In public, people wear faces they “keep a in jar by the door.”

The interesting story lies in what’s concealed behind that mask. Ten years ago, Davy Rothbart hit upon a simple way to peer behind that social facade.

In his Found books and annual magazine of the same name, a collage of lost notes, snapshots, and other misplaced scraps — the daily litter of humanity — offers an intimate view of private lives, one that’s funny, profane, tragic, affectionate, and hopeful.

The random snippets fuel stories and spark the imagination, Rothbart says, adding, “It’s up to you to piece together the rest of it and fill in the blanks.”

Ann Arbor native Rothbart has done just that. His fascination with unedited emotion revealed in the ephemera contributed by Found fans, who regularly add to the supply, has helped Rothbart build a creative cottage industry of stories, one that has led to several books, documentaries, and an occasional U.S. performance tour with his musician brother, Peter.

“My favorite art gives me a glimpse into other people’s lives (like the documentary film Dark Days, set in New York subway tunnels),” Rothbart says. “A film like that can take you to a place and get you inside the minds of others. It gives insight into what it means to be human.”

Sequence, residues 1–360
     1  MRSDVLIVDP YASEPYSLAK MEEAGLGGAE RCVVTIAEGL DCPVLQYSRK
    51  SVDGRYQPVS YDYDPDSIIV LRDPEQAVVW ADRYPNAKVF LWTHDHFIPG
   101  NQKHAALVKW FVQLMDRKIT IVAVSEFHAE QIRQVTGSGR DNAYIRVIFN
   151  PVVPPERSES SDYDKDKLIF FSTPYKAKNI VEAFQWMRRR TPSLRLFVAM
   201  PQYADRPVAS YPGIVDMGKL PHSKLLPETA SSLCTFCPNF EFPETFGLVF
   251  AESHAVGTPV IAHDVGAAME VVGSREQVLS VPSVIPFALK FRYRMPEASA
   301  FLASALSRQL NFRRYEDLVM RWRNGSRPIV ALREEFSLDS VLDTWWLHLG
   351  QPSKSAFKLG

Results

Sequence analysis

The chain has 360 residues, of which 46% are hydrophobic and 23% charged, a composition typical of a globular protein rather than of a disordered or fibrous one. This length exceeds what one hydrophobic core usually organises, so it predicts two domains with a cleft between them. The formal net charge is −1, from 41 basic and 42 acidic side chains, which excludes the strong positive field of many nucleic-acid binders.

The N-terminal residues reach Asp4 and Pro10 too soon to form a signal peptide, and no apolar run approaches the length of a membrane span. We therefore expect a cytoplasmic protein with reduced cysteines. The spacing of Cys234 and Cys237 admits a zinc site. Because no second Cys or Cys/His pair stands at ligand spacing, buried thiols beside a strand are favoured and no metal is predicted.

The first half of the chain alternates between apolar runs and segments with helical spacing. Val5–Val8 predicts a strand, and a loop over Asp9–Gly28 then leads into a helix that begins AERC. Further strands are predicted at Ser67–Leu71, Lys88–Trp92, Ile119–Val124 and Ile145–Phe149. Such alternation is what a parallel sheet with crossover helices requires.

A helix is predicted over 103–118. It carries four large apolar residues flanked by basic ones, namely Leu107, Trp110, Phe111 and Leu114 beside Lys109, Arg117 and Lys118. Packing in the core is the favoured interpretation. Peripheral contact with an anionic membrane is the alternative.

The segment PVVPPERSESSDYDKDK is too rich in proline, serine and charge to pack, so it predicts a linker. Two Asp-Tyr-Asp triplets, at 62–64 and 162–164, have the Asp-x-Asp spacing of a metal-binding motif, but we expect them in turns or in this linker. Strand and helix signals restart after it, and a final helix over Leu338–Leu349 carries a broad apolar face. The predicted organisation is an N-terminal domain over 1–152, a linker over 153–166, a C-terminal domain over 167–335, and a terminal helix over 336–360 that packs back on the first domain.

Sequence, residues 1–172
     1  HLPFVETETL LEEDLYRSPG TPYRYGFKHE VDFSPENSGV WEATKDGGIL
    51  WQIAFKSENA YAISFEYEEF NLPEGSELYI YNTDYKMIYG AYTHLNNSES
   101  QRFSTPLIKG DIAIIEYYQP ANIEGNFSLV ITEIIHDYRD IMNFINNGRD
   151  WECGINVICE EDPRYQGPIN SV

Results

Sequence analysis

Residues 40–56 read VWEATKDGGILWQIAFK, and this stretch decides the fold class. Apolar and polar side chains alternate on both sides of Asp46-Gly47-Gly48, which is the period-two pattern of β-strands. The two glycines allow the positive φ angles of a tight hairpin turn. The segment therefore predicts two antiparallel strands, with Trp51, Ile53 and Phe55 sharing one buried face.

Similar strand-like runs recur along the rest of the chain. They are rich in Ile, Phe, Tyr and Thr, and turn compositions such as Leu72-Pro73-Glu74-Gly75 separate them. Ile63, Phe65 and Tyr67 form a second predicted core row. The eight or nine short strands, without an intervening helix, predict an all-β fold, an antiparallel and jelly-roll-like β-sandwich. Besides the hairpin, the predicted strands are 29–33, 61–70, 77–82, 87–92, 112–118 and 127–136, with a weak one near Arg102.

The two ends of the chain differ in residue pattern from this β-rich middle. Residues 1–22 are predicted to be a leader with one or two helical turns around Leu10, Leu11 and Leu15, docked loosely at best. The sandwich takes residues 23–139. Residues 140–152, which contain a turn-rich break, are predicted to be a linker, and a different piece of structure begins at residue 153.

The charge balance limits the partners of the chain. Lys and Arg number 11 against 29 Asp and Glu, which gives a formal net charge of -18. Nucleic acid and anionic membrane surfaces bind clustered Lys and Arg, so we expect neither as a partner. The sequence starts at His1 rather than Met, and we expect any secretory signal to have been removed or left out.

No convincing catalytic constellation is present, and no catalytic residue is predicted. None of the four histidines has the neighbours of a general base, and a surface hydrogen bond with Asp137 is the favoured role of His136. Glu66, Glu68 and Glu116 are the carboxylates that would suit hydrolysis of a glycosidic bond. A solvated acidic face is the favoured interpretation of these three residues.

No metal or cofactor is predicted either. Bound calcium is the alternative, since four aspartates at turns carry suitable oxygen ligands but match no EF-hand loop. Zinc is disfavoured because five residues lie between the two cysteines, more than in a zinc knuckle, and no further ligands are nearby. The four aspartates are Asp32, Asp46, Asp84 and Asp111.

He cites author Charles Baxter, under whom he studied while majoring in English at University of Michigan, as being especially adept at such human exploration.

Now 36 and living with five roommates in Ann Arbor’s Kerrytown district, Rothbart is completing work on a documentary about a Medora, Ind., high-school basketball team. He found the seed of that project in a New York Times article. The film focuses on a perennially losing team that’s trying to win one game with the help of three coaches: “A cop, a priest, and a stonecutter.”

He also has just finished writing a collection of personal essays, some of which have been featured on National Public Radio’s This American Life, to which he contributes. The book, which is not yet titled, is set for a spring release.

Rothbart says found art is different from purposely created paintings, novels, and other art because its “accidental nature is much more real.”

In a packaged, branded, and curated world, raw material is riveting, startling even — and creatively inspiring. It’s also available to all who care to look down and around.

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